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I don't believe wineries use sorbate. Their sweet wines are sterile filtered. The issue we have as home winemakers is the ability to sterile filter. I've always been told .45 micron "absolute" is what is required. I agree with not allowing the oxygen exposure but if you truly have the ability to filter to .35 microns "absolute" I don't see a problem. The key factor is absolute not nonimal filtration.
 

GreenEnvy22

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Thanks guys, I should have been more clear, it would be in carboys for the longer term cold crash, not the brute. The brute would only be for primary fermentation.
Actually, as it turns out, I'm using some fermenting buckets, and my 16 gallon stainless Brew kettle.
That fit more nicely in my fridge. It will still go into carboy's when primary is down to the level we want, then rack to carboys and chill.
The reason we normally reserve some juice, is because we don't want to alter the flavor by using something else to back sweeten.
I think I'll give it a try this year, if it doesn't work out well, then next year we'll go back to the other method.
I'll keep everyone up to date on how it turns out.
I'll have to check on the filter to see if it is absolute or nominal. hopefully even if it's nominal, being 0.1 micron smaller than I need, will be enough. That combined with the sorbate I think should prevent a re fermentation.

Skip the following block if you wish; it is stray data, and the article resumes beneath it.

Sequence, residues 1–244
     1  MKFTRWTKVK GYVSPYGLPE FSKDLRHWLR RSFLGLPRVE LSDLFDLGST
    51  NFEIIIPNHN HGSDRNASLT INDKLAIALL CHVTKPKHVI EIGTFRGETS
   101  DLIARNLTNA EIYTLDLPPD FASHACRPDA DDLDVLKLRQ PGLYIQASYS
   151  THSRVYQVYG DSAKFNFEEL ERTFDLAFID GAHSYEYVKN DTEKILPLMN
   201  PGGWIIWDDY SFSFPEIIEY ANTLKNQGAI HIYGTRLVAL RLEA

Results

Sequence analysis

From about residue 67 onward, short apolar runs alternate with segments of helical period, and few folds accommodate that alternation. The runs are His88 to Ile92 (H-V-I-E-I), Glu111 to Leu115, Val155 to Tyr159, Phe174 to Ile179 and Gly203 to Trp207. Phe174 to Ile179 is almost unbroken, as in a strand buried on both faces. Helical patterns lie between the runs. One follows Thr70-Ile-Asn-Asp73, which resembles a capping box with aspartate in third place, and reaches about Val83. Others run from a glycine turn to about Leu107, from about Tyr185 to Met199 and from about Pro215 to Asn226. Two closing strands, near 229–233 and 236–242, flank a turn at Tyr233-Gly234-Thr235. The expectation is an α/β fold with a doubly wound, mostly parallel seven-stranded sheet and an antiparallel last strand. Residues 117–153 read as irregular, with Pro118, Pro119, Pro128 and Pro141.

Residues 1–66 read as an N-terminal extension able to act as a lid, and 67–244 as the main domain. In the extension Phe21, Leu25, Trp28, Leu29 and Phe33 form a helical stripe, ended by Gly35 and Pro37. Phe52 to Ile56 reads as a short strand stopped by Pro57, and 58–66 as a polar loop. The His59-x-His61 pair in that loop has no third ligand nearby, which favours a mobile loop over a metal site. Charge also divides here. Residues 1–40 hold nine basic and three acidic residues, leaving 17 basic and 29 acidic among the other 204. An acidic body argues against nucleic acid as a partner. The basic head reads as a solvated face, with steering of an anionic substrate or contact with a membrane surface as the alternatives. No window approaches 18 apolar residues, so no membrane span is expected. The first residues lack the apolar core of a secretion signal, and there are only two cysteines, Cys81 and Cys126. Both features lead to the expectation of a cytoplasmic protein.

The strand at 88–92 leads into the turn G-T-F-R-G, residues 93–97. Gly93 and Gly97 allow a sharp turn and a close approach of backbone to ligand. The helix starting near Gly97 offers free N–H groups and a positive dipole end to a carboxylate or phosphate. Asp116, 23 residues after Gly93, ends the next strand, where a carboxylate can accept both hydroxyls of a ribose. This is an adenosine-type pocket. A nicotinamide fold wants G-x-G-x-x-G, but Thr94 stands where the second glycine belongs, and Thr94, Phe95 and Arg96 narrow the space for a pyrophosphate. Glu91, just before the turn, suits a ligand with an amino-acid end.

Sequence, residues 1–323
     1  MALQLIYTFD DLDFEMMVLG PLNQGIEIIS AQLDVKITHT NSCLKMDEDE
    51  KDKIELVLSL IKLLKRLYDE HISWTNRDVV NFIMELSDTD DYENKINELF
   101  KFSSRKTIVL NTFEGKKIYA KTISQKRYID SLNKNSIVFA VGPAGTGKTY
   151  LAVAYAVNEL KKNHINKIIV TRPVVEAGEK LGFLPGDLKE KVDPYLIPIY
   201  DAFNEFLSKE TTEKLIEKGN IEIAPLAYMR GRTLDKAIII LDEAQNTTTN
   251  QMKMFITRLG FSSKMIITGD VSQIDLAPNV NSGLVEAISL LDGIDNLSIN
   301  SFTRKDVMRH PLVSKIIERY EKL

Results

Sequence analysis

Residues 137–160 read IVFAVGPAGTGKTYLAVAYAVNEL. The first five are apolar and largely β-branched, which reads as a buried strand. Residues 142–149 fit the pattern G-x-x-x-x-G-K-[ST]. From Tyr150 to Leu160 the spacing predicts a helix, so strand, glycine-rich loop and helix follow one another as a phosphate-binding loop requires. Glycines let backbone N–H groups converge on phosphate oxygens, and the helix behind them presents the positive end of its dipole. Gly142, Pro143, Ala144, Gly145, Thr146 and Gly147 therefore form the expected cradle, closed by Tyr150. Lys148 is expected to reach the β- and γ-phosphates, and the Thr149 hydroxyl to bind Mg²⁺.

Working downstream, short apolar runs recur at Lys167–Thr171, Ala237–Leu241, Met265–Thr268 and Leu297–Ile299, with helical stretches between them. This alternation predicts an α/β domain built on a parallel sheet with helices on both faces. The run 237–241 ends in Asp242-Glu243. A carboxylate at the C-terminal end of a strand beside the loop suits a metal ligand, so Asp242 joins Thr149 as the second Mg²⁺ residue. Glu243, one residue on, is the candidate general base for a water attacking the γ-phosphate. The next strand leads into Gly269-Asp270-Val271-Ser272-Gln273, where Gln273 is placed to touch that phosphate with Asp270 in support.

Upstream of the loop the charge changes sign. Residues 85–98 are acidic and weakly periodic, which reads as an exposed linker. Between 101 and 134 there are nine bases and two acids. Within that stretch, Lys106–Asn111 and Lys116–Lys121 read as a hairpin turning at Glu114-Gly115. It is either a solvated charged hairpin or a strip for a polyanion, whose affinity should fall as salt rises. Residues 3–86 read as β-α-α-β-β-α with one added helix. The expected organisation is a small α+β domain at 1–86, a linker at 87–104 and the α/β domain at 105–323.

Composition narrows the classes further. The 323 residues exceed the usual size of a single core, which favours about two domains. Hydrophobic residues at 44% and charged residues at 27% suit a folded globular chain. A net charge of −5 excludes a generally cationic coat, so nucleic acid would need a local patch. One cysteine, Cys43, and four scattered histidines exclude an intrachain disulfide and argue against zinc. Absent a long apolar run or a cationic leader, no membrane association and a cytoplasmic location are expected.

jgmillr1

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I don't believe wineries use sorbate. Their sweet wines are sterile filtered.
Both sorbate and sterile filtration are used commercially. I've known some that will do one or the other but most I know do both, including me. Not worth the risk otherwise. Sorbate will give a taste if used in excess and has a longevity issue but sweet wines are consumed young anyway.

Then we'd rack it out, and run through a 1 micron, then 0.35 micron filter
Running the wine through a 0.35um house filter is not sterile filtering it. Sterile filtration means using an absolute membrane filter that is precisely manufactured to not permit more than 99.999% of the nominal size particle through. Read here for more info. As the saying goes, it's not the size that matters. It is the number of 9's. You must also bubble point test its integrity to verify it.

It sounds to me that you're getting a protein or pectin haze issue. Bentonite is a good fining agent and pectic enzymes are available. Cold crashing makes an excellent sweet wine but can be difficult to stop the fermentation on a dime. Backsweetening a dry wine works great as well. Good luck.
 

Scooter68

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As an "Outsider" in this discussion, the cold crash and sterile filtering (That we hope will truly work) sounds like a lot of work compared to simply letting the ferment finish. Just make sure the fermenting room is on the warm side and unless you are really pressing for a high ABV, you should be able to ferment dry faster than the time and effort to cold-crash and sterile filter.